Deti Does Dental offers dental care advice for those undergoing cancer treatments

Blog Post Apr 21, 2016

By Anaida Deti

Those undergoing cancer treatment have to endure a lot – the path to better health is a difficult one. But there is one aspect of cancer treatment that isn’t widely known: how it negatively affects dental health, including the teeth, gums, salivary glands and other oral tissues.

When there are pre-existing dental issues such as cavities, abscesses or gingivitis, the infection may become worse during treatment. Gums are more likely to become swollen and painful, with a higher probability of bleeding. Mouth sores may also occur during chemotherapy, and other mouth irritations often worsen.

These side effects can be painful, but there are ways to minimize and prevent them.

As April is Cancer Awareness month — or Daffodil month — we’ve compiled the information you need to know about dental health during cancer treatments.

Medication: There are specific medications that can ease discomfort and prevent sores - these can be prescribed by a doctor. Pain medicine, such as Tylenol or stronger, may also be used. Always avoid using aspirin or non-steroidal medication (Advil, Motrin) during chemotherapy as they can cause bleeding. For dry mouth, artificial saliva can be helpful.

Work with your dental professional: Your dental professional and oncologist can work together to make you as comfortable as possible. Continuing with regularly scheduled dental appointments so your hygienist can monitor your oral comfort and make changes as required is also important.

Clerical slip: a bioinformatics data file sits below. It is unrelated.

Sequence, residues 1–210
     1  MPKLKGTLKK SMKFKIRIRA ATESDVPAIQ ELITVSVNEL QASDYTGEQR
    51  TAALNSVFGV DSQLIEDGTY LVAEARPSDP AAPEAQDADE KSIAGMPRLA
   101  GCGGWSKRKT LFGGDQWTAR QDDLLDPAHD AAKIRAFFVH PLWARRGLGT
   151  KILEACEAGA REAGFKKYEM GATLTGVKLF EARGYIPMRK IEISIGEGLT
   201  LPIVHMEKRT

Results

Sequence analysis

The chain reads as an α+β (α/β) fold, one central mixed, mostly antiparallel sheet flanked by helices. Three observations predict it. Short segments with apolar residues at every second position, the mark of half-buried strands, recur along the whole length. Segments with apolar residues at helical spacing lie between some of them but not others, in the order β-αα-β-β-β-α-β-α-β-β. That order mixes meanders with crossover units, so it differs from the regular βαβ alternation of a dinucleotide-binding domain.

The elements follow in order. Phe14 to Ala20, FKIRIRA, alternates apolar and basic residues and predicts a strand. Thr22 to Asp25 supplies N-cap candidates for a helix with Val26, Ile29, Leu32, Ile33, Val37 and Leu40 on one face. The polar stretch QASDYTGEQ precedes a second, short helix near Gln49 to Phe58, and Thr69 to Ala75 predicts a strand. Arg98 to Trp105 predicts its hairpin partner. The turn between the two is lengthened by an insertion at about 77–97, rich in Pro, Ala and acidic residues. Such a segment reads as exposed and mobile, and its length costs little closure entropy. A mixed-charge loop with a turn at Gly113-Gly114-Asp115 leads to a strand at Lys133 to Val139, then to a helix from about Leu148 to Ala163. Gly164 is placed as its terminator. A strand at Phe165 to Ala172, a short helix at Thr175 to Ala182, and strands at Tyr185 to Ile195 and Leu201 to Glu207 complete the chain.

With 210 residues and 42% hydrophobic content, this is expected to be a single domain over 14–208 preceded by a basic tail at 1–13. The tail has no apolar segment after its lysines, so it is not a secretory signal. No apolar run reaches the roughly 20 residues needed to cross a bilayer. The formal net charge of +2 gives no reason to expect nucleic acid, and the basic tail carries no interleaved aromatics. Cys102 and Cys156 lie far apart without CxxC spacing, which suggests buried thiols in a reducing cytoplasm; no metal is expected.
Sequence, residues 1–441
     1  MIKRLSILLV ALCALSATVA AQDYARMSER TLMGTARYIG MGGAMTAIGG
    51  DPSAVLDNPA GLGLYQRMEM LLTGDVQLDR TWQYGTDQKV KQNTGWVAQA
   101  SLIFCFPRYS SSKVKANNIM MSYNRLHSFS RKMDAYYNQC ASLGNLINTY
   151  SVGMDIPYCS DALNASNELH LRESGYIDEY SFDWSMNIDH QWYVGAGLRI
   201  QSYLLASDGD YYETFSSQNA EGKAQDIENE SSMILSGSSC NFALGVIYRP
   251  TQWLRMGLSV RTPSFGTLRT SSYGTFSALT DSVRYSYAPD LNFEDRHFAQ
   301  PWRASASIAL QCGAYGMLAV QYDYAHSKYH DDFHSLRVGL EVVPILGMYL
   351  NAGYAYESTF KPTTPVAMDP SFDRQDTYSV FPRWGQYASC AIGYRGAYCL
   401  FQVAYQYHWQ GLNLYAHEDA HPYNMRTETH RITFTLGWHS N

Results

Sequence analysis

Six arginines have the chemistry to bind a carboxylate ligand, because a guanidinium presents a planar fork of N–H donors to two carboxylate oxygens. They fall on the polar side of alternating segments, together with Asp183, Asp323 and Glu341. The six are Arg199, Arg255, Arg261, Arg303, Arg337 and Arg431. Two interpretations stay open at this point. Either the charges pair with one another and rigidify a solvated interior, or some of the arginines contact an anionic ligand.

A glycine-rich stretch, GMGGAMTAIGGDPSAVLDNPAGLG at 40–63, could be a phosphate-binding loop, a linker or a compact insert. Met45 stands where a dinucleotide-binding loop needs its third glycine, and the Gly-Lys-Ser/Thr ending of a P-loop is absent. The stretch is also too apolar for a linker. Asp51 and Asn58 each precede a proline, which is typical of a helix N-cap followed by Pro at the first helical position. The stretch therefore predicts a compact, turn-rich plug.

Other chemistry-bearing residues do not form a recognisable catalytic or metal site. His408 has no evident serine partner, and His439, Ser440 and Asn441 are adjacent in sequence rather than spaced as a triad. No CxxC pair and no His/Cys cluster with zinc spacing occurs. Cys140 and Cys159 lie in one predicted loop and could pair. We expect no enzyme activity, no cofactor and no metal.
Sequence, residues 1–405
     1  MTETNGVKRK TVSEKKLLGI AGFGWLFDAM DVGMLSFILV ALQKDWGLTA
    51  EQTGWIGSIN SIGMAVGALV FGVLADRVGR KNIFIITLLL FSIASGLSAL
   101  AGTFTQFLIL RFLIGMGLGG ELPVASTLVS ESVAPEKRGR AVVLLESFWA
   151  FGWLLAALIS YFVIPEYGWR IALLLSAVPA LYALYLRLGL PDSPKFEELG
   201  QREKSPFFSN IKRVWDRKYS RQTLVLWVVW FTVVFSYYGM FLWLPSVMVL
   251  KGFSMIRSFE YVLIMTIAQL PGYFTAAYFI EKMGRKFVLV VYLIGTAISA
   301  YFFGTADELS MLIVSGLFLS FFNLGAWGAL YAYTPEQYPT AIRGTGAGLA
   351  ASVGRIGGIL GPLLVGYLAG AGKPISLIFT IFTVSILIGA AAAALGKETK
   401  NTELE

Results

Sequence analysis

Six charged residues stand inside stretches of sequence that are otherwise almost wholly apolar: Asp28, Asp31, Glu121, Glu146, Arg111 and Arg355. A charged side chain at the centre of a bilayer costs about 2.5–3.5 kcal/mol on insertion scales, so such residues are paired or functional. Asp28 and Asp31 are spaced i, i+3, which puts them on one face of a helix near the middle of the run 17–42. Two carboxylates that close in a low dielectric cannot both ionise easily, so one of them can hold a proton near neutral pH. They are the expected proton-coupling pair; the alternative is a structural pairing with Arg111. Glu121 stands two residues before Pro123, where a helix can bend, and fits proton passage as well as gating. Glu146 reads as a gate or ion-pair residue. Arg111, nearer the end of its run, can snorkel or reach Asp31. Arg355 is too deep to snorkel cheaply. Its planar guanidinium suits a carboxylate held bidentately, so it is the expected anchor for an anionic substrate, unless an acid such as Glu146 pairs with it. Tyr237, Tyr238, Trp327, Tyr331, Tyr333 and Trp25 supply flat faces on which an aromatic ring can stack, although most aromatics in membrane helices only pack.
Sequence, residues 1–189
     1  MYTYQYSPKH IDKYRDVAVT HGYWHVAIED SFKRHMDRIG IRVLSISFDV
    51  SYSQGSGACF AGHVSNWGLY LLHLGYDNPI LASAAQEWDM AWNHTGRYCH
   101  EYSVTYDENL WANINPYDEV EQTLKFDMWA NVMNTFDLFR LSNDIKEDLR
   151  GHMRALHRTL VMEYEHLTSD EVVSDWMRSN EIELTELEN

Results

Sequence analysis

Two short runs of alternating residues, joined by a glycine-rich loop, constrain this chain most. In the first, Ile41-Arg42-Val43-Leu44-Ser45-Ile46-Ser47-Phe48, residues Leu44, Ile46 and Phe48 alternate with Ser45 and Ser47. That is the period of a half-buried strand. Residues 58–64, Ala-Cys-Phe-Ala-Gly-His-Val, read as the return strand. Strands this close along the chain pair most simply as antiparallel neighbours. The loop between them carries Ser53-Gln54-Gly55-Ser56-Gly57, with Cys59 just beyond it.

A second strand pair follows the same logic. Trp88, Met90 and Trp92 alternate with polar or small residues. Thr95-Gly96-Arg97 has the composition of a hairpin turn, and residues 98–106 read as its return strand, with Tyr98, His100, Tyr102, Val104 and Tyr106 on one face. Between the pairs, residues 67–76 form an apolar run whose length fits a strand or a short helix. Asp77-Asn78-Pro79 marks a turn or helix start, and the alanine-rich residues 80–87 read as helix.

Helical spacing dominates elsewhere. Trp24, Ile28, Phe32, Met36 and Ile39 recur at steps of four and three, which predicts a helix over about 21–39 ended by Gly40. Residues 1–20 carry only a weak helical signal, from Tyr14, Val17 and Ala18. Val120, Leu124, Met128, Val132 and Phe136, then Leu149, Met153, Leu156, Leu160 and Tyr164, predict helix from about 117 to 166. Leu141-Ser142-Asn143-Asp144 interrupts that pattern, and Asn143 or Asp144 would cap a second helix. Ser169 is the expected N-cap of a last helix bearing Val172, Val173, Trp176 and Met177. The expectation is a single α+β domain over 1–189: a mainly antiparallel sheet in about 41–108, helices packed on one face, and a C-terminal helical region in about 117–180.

Oral health routine: Unless otherwise recommended, continue to gently brush teeth twice per day with fluoride toothpaste, and gently floss once a day. If gums are sore or bleeding, avoid those areas but continue to floss the remainder of your teeth.

Stay hydrated: Drinking at least eight glasses of water or juices daily can be helpful with many dental side effects including dry mouth, or xerostomia. Using lip balm can help prevent your lips from cracking, and cool mist humidifier will add much-needed needed moisture to your home.

Food & drink: There are certain foods you may want to avoid, such as spicy dishes, and anything that is difficult to chew. Tomato and citrus juices will also irritate any mouth sores you may have. Avoiding caffeinated and alcoholic beverages is a smart idea as they both promote mouth dryness. Some find that chewing sugarless gum is helpful with their dry mouth.

With these tips, and ongoing care from your dental professionals, you are as comfortable as possible during treatment.

---

Anaida Deti a registered dental hygenist and the founder and CEO of Dental X Dental Hygiene Clinics - @DentalXSmiles. She is an active member and trainer with the Canadian, Ontario and Toronto Dental Hygienists Association (ODHA), and was elected as the ODHA ambassador for Toronto North. Deti has made it her mission to not only educate patients on the importance of dental health, but to also be an oral health educator for dental conventions where she is a coveted speaker. Connect with her @anaidadeti or www.dentalx.ca